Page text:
Greatest American Painters

Harold von Schmidt (1893 – 1982)

Posted by American Gallery on July 30, 2012

Two Guys Fighting Over A Girl


Comanche Arrow

Chasing Woman

Skinny Dip

Custer’s Last Stand

Korean War Scene

George Washington

Bridge Bombed

Officers On Horses

Sam Houston


The Sutler’s Daughter

Rough Going Over The Sierras

Prospectors Panning For Gold

Gold Discovered At Sutter’s Mill

Buffalo Bill Cody

Girl Captive

Shooting It Out

Cavalry Charge

The Hawker, The Swagman And The Thief


In The Jungle

In San Francisco Life Was Gay

Getting Dressed

Mojave Kid

White Invader

I Could Take You

Romance Among The Flowers

She Wore A Yellow Ribbon


6 Responses to “Harold von Schmidt (1893 – 1982)”

  1. Bruce said

    Some disturbing thoughts:

    “Two Guys Fighting Over A Girl” – so, she is going to sit there (in the dust) with her embroidery while these two guys duke it out over her (thankfully, no gun belts are apparent, at least on the one fellow). She ain’t worth it.

    “Forgiven” – from his posture/positioning, I would add “and Whipped.”

    “Comanche Arrow” – effective, but far from heart-warming or something I would care to commemorate in painting (are these pictures stand-alones or story illustrations?).

    “Chasing Woman” – ditto.

    “Girl Captive” – ditto.

    “Shooting It Out” – Ah, nothing like painting some dude at the moment of getting shot dead in a duel.

    “Custer’s Last Stand” – see, the difference here is that this is historical, is a fight between supposedly equal foes (far from it, as it turned out), and Custer had it coming.

    “I Could Take You” – what, I am afraid to ask, is going on here?

    “Korean War Scene” – those are orphans on the porch, now doubt.

    “Crocodiles” – not for nothing, but what is the point of this (other than, again, is it a story illustration)? I hope the kid made it out of there alive.

    “George Washington” – daydreaming out the window instead of taking care of business? (No, I think it’s supposed to be portraying his longing for Mount Vernon.)

    “Sam Houston” – whitened his teeth in the middle of the 19th Century? Perhaps he forwent the usual coffee, tobacco, and whiskey habits common to his contemporaries.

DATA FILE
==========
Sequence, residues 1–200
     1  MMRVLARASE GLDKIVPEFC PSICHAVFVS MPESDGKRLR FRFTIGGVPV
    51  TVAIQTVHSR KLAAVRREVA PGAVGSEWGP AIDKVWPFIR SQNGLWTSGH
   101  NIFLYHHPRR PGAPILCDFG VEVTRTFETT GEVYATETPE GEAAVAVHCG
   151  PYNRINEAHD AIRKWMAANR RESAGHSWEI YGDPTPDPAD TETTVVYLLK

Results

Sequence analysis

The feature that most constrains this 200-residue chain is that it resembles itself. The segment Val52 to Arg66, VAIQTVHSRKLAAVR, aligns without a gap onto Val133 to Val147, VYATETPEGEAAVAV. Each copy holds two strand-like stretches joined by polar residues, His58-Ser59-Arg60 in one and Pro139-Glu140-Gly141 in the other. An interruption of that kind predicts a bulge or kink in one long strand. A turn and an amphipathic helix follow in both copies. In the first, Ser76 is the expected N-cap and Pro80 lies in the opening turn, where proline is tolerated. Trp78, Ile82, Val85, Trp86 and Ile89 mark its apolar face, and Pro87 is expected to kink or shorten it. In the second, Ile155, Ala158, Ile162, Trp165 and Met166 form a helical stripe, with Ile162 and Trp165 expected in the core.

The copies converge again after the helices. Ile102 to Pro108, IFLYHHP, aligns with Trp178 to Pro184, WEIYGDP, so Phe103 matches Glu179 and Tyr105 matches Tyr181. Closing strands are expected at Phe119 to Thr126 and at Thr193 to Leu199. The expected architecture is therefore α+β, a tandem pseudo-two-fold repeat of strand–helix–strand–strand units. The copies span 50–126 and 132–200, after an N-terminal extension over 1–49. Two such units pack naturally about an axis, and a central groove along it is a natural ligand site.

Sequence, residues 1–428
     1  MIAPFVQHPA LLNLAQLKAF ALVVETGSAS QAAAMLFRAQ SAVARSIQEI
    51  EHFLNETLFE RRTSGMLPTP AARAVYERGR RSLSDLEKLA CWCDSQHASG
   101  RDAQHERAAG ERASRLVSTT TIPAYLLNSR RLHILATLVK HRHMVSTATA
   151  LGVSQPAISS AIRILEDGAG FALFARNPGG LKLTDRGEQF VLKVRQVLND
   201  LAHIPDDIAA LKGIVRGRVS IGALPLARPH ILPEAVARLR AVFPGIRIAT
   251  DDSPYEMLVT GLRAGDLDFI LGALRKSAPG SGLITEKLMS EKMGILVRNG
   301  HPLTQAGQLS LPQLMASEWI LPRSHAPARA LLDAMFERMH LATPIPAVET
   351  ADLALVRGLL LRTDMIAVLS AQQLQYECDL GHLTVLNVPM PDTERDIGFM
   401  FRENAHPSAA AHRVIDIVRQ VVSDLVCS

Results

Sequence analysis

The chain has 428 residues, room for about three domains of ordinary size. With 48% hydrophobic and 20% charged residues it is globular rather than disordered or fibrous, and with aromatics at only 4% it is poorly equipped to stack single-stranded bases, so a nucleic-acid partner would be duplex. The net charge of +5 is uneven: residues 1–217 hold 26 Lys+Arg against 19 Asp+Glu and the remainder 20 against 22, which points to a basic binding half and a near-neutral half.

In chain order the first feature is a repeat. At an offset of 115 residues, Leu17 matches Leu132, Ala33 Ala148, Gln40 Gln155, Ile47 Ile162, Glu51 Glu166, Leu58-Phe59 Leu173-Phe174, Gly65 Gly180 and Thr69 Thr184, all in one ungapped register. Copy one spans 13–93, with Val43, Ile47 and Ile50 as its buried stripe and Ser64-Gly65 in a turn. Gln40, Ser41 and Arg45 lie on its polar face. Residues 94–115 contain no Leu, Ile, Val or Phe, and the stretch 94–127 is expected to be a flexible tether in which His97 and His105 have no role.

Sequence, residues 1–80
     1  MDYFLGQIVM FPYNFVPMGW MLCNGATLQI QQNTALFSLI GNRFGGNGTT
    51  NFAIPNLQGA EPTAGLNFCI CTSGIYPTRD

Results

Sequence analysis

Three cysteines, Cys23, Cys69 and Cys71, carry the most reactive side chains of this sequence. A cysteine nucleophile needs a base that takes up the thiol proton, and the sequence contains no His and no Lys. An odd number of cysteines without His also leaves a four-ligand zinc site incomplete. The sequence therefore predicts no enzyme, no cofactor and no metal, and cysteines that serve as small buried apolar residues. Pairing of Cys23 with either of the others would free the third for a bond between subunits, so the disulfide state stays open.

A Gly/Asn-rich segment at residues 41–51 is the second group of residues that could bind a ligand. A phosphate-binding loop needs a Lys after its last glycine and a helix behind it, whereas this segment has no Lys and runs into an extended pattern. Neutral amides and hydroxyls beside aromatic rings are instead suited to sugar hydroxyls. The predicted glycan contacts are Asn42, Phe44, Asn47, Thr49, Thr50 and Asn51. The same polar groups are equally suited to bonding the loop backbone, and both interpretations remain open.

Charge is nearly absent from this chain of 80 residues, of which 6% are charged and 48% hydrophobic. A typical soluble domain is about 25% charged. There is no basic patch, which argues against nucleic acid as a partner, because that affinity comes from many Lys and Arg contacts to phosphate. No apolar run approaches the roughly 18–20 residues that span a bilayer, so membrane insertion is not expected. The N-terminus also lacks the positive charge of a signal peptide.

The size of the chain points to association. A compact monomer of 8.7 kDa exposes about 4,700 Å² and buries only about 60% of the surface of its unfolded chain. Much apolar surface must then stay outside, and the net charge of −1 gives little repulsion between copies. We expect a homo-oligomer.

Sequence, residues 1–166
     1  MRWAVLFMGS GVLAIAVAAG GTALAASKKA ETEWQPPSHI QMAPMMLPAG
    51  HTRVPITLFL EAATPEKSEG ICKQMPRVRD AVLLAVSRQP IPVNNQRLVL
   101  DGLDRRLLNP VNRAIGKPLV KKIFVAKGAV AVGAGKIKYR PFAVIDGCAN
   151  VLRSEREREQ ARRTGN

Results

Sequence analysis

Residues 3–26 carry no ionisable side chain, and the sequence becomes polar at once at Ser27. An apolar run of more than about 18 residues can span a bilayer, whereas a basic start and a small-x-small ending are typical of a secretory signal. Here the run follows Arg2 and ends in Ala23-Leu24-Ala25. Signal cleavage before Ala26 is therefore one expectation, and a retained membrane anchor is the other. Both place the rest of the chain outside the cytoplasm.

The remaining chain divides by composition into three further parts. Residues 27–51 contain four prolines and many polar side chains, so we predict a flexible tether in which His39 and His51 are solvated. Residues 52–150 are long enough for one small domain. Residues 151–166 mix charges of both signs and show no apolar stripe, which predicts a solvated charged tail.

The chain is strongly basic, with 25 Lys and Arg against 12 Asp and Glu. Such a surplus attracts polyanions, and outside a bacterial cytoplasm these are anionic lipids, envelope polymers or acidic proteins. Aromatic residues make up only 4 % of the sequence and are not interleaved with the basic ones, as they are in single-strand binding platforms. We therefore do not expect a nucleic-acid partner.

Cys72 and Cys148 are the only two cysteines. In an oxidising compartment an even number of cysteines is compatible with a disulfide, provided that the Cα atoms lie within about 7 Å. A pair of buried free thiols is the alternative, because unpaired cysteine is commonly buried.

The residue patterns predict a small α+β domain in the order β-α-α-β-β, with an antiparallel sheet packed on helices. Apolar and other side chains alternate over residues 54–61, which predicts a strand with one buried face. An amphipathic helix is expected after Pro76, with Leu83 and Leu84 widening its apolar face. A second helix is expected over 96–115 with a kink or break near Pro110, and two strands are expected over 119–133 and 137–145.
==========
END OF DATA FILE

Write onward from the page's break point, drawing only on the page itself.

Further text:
“In San Francisco Life Was Gay” – it was?

    “Getting Dressed” – those socks! Was he from San Francisco?

    There are some interesting things here, but no keepers.

    • Bruce said

      And another thing (I’m a bit cranky today, I guess):

      “Mojave Kid” – last time I looked, the Mojave Desert was in southwestern United States. There was a silent movie made in 1927 called “The Mojave Kid” and, from TCM’s description, it sounds like a Western. An American Western. In 1955, Louis L’Amour wrote a screenplay called “The One for the Mojave Kid” which DEFINITELY was a Western and which was adapted for a TV episode tiled “The Mojave Kid.” Those are the only references to “Mojave Kid” that I could find. So unless this a depiction of an actor and actress in Arabian costumes on the set of a foreign movie being filmed in the Mojave Desert, I don’t get this one, either. I am open to enlightenment.

      • Suzay Lamb said

        No enlightenment from me … also because I’m too busy laughing at your comments (and my Oscar goes to the one concerning the supposed San Franciscan getting dressed).

      • Bruce said

        I am happy to entertain you! I just hope that I am not spoiling your blog with my “thoughts.” 🙂

  2. Kevin said

    Suzay… don’t know about SF habits (the guy getting dressed does look a little too happy), but … the “Girl Captive ” could easily be applied to the Oatman Massacre and Olive Oatman being carried away. Anyway, I’m going to use it for illustrating the story. Thanks for sharing.

    • Suzay Lamb said

      Olive Oatman was 13 when she was abducted. The girl in Schmidt’s illustration looks younger. But the artist’s inspiration may well refer to that episode.

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